You certainly do have a variety of mis-matched parts!
Instead of trying to rebuild the mismatched parts you have, maybe someone in your area can work with you to come up with a good set of matched wheels and rims. Be sure to get a good, matched fifth rim for your spare!
I agree with Mark. Get matching rims and felloes. What kind? I would go with Hayes. They're easy to ID, they're plentiful, and you already have some.
Hayes felloes have this notch over the bolt hole.
Hayes rims have a lug that extends across the bead, like this, to fit he notch on the felloe. Of course they also usually have HAYES stamped on the front of the lug.
Thank you so much for adding the information. When the pamphlet mentioned “Type K-1 – Sleeve Drive – Use Type G-2 rim for Replacement” You commented, “Replaced with G series that has attached lugs, G rims were specified as replacements on the K wheels.”
Can you confirm what a G-2 rim is. I would guess that it is a fixed lug Ford 2845B and my second guess would be it is a Hayes 2845B. But hopefully you will be able to read it and or see the illustration and not have to guess which it was.
The photos of the rim you show are the 2845C with the rolled bead. They take the 2846C removable lugs that have the nut held captive in the lug. Those require a felloe with the female receptacle for the lug to fit into. The photos below are from Steve Shelton with labels from me:
Note that the 2846D also has removable lugs but they do NOT have a captive nut. They also have a lug around the valve stem that fits into a receptacle in the felloe. But instead of the rolled area, they have a solid area that the clamps press against.
Note from memory (not as accurate as looking it up) the rim shown above worked with both the 2845C and 2845D rims -- but I suspect but I DO NOT KNOW that it is really for use with the 2845D.
One problem we have is so far I have not found any documentation to tell which fellow goes with the 2845C loose lug or the 2846D loose lug.
Luke you are showing that a 2845C rim is on your back right wheel. If it does NOT have the proper receptacle for the lug around the valve stem of the 2845C rim to fit into, the rim will slip on the felloe, cut the valve stem, and you will have a flat. Not bad if it is in your drive way at slow speeds. Not good if you slam on the brakes at high speed and you suddenly have a flat.
Based on what Layden posted and previous postings, I'm 90% sure you can put a Ford 2845B rim on your back right wheel "IF" it had the felloe for the 2845C or 2845D rims. If it was a Kelsey felloe -- the indents would need to be put in the felloe so the rim would tighten properly.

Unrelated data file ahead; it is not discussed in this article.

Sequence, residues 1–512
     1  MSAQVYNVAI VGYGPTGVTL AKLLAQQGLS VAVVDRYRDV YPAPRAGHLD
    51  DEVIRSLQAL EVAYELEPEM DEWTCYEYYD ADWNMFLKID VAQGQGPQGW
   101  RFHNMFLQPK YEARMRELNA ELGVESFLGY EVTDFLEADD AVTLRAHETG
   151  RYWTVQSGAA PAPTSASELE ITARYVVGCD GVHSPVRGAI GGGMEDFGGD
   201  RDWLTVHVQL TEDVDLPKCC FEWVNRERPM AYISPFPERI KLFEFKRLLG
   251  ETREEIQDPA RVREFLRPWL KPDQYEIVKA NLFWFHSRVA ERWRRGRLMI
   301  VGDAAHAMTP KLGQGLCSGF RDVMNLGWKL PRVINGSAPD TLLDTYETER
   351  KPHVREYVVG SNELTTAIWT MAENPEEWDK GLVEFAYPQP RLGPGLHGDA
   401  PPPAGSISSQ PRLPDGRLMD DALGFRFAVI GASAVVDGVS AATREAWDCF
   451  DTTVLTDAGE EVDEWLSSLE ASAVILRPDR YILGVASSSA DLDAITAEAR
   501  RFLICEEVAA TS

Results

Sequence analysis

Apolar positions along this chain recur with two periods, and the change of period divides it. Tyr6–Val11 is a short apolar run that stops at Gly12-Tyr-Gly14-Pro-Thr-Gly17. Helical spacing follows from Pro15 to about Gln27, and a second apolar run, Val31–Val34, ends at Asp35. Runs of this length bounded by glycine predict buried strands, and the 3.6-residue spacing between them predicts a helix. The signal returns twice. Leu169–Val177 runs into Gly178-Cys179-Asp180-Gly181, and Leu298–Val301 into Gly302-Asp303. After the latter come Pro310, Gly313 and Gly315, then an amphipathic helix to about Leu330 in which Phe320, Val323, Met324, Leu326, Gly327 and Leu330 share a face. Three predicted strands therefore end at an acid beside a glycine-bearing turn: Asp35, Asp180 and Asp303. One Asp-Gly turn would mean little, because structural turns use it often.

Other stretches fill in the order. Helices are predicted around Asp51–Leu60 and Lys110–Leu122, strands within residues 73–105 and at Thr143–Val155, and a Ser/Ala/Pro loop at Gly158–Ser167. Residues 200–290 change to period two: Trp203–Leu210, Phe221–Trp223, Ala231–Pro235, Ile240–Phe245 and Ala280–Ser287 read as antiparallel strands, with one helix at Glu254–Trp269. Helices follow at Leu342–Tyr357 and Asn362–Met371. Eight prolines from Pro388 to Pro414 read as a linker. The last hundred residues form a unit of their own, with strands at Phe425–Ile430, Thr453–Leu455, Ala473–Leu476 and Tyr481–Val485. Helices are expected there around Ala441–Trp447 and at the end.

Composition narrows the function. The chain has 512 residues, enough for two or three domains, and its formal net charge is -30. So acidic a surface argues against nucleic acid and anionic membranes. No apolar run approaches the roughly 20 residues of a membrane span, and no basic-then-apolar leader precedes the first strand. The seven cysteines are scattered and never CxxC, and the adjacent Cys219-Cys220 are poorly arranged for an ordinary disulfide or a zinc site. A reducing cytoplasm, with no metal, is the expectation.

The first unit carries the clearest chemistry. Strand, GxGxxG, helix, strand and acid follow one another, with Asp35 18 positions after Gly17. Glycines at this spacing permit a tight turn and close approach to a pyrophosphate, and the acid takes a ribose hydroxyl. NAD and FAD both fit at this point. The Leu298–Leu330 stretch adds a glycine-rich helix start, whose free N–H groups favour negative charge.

It is late and I need to quit for the night. But I really like this subject (I know – get a life….).
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It will make it easier (at least for me) if you post a photo of the rim with the valve stem area shown; the felloe with the valve stem area shown, and the lugs / lug areas for both. And do it by right front; left front; right rear; left rear; so we have the rims & felloes that were mounted at each corner.
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You may have opened a can of worms with this one.
I greatly suspect that these are actually what Ford refers to as "FORD" in your above Ford literature. They seem to have been manufactured by Firestone.
Why would anyone want to work crossword puzzles or Sudoku puzzles when wheel, rim, and lugs for Model Ts provide numbers, words, dates, aftermarket, and many more variables?
Would you please post a scan of the
That is great news! From the illustration and also the other postings/data points the Firestone G-2 is almost certainly the same thing as the Ford 2845B rim shown below (third one from the top).
That Ford 2845B and the Hayes 2845B both have fixed lugs, but the Hayes style lug has a much longer foot that attaches to the rim as shown in the illustration above.
I would guess that after about Mar 7, 1924 even the Hayes lugs went to the shorter foot style – but hat is something else we need to confirm.
And from Bruce’s research he shared that Firestone, Cleveland, Motorwheel and others may have supplied the the non-Hayes and non-Kelsey supplied wheels and rims (i.e. they were called Ford rims – but actually made to Ford specifications. That would be the Ford 2845B; the 2845C (used lug with the captive nut); the 2845D (used the removable lug similar “U-shape as Kelsey but different and it had a chamfered depression and used the standard lug nut used on the Hayes wheels rather than the flat lug faced lug nut used on the Kelsey wheels before 1924). [Note this is USA only discussion for now.] we know that the Ford 2845B was produced by Firestone, Cleveland, Motorwheel, and even Kelsey after a few remaining loose lug Kelsey wheels were shipped after Mar 7, 1924 (see the letter above or go to the link at: http://www.mtfca.com/encyclo/U-Z.htm#wheels
Layden would you please check to see what rim the Firestone brochure recommended for the Ford 2845C style rim?
And does it provide any illustrations of the felloes that used the 2845C or 2845D rims?
For Luke – hang in there. The goal is to get you a set of 4 wheels and 5 rims that will fit safely on any wheel. I didn’t see what year your T is, but you do not have to have all the same rims or wheels as long as the rims all interchange and work properly.
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I have the following observations to add to the discussion.
Prior to 1925, our Canadian sourced cars came with Kelsey loose lug wheels. We only had fixed lug rims in 1925, prior to the introduction of the 21" split rims in 1926.
There are major differences in how the rims/felloes relate. The rims on loose lug wheels have rolled edges to the felloe which are the same width on the outer and inner edges. The rims on these are wedged against the outside rolled edge when the wheel bolts are tightened. On a combination of good rim and felloe, there is a gap between the felloe inner rolled edge and the rim wide enough to accept a credit/business card.